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Heart attack, ventricular systolic dysfunction, cough. Done X-ray, emergency bypass. What is the scar tissue after surgery?

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Practicing since : 1981
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This is a two fold (maybe more) concern. My husband, age 67, suffered massive heart attack with emergency bypass surgery. He was coded 3 times prior to the actual surgery. He made it through 3 months ago. He has 25-30% ejection fraction in left ventrical and severe left ventricular systolic dysfuntion (per echo recently done) We need an answer as to just what this means to his quality of life. He tires very easily still. Would a defibillator be a valid recommendation? Secondly, he has developed a dry hacking cough and has had a very raspy voice since surgery, which appears to be getting worse.Is the voice a result of anything from surgery? (He was on ventilator a couple days) He also experiences severe body temperature changes (sweating one minute and freezing the next )He just had X-Ray done (ordered by our cardiologist), and low--there are 2 suspicous nodules in his left lung, which requires a ct to be administered tomorrow.. We are worried but wonder if it couldn't be scar tissue from surgery? He also has both feet and bottom part of legs still "asleep", as well as under his chin and his right hand(all since his surgical experience) We can't seem to get any straight answers so anything you can tell us would be helpful.and I trust you will give us some reasonable advice.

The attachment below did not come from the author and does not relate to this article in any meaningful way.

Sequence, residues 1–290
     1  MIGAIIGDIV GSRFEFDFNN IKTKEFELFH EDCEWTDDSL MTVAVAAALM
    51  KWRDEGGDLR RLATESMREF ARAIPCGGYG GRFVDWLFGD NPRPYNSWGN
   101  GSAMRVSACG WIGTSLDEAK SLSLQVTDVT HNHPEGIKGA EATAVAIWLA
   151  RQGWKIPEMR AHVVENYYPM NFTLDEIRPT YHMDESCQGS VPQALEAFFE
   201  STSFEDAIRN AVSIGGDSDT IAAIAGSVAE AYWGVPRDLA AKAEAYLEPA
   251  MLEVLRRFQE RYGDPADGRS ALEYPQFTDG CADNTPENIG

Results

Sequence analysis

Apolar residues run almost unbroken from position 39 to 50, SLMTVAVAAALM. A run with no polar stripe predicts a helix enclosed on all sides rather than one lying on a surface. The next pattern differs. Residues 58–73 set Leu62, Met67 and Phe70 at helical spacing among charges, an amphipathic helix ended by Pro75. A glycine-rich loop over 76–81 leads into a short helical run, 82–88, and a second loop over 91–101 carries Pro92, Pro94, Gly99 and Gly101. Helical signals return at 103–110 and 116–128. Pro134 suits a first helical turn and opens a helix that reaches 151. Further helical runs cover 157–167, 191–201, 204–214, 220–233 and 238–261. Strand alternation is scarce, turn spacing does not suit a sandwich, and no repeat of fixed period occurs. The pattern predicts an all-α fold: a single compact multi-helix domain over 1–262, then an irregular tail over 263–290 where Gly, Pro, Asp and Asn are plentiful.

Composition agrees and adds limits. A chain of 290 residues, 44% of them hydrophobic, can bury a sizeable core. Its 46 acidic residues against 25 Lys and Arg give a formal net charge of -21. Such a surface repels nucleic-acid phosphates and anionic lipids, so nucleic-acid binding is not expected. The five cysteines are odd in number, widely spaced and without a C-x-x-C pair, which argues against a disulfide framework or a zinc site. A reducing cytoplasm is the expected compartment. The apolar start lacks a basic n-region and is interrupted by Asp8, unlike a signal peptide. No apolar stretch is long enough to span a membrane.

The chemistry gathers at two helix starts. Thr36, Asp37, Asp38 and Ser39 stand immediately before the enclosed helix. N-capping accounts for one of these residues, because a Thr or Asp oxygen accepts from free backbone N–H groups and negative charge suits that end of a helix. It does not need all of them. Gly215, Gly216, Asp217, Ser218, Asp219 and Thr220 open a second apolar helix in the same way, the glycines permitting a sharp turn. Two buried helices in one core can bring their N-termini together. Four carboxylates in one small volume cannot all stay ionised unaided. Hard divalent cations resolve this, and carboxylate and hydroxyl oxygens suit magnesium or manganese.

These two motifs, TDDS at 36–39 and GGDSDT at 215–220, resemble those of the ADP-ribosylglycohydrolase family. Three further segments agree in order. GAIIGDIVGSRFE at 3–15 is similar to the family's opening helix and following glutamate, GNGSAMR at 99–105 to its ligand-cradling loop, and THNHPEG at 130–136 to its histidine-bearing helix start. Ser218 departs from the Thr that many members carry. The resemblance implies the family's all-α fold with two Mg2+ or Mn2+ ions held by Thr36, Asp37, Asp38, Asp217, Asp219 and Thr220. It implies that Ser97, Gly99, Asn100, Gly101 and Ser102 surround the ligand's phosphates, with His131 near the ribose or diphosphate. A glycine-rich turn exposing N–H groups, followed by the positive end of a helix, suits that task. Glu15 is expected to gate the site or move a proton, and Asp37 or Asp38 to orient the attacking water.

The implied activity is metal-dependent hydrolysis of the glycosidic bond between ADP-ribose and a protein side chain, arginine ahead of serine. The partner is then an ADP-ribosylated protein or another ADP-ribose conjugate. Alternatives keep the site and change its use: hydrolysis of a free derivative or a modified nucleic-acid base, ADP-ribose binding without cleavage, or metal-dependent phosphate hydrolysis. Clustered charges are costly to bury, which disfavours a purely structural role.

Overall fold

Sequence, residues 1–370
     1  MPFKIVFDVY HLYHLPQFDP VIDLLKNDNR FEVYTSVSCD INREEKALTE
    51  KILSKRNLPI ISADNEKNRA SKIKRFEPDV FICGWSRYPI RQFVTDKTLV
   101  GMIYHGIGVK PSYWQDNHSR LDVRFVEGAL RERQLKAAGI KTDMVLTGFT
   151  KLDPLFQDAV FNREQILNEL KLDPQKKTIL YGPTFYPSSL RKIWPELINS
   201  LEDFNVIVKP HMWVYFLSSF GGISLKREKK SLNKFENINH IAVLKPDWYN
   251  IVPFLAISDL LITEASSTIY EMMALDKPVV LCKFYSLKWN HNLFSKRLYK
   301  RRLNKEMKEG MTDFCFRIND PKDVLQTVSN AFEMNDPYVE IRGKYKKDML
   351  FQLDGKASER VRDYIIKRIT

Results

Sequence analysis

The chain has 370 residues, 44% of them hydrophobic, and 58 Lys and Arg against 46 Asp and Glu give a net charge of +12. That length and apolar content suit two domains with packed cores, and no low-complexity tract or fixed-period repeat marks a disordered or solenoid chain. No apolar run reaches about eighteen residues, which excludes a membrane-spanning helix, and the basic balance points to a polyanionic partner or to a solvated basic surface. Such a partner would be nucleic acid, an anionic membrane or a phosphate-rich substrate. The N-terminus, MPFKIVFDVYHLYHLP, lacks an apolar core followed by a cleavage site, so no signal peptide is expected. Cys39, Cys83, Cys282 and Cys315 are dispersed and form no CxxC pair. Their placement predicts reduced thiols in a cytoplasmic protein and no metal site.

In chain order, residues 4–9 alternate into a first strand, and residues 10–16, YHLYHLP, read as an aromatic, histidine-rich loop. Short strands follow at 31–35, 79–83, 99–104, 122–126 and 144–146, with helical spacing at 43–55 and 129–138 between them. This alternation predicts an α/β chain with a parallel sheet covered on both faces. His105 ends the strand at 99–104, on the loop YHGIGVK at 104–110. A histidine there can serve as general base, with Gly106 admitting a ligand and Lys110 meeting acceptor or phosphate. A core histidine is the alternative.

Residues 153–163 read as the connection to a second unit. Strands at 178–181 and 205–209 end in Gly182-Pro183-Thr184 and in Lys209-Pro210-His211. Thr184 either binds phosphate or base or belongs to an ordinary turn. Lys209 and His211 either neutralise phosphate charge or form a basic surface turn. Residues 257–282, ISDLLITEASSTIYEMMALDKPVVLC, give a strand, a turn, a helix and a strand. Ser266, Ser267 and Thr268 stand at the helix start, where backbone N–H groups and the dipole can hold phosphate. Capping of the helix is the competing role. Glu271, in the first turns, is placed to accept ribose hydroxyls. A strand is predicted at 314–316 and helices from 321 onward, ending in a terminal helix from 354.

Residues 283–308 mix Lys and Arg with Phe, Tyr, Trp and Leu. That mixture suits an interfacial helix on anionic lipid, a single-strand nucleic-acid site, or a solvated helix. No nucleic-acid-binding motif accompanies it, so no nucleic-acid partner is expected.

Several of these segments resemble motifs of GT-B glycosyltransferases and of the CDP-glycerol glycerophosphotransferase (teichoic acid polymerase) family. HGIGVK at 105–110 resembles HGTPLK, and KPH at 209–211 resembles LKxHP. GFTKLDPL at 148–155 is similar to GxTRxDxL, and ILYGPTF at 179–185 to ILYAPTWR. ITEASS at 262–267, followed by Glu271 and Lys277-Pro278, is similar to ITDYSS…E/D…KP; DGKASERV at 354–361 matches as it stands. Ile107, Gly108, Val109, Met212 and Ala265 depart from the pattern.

My husband is going to cardiac rehab 3 times per week, but our question is in this regard if it will strengthen his heart and increase his physical stamina. He is very discouraged at this point. His Dr.. just says that it will all be okay, but just takes time based on what he expierienced.
Posted Mon, 2 Jul 2012 in Hypertension and Heart Disease
Answered by Dr. Anil Grover 1 hour later
Thanks for writing in. I am a cardiologist and read your email with diligence.
My first concern is those two suspicious nodules on x-ray. Once we have established these are benign, we will discuss about other problems:

1.     Repeated cardiac arrests before surgery necessitate the use of ventilator. This has led to dry hacking cough and raspy voice, which will recover, with time.

I suspect there is more to cough. That is due to severely diminished pumping capacity leading to back flow to lungs passive pulmonary (lung) venous congestion is also contributing to cough. Low pumping capacity (EF 25-30%) is also affecting quality of life.

2. This becomes, an ideal situation when anything will help, that can be cardiac re-synchronizing (biventricular pacing) with ICD (Internal Cardiac Defibrillator). Also known as combo device, it is put subcutaneously under the collarbone by using local anesthesia and wires are passed to heart from veins around collarbone. In selected patient, it helps to

a) Increase pumping capacity to levels when all can appreciate the change.

b). Also, it has XXXXXXX mechanism to take care of "code" like situation by rapid pacing or giving intracardiac shock. There are documented survival benefits in medical science.

3. To be XXXXXXX I am not entirely sure why his feet and bottom part of legs feels asleep. I am sure if you ask a direct limited question to his doctor you may get an answer straight as well as the prognosis of this problem.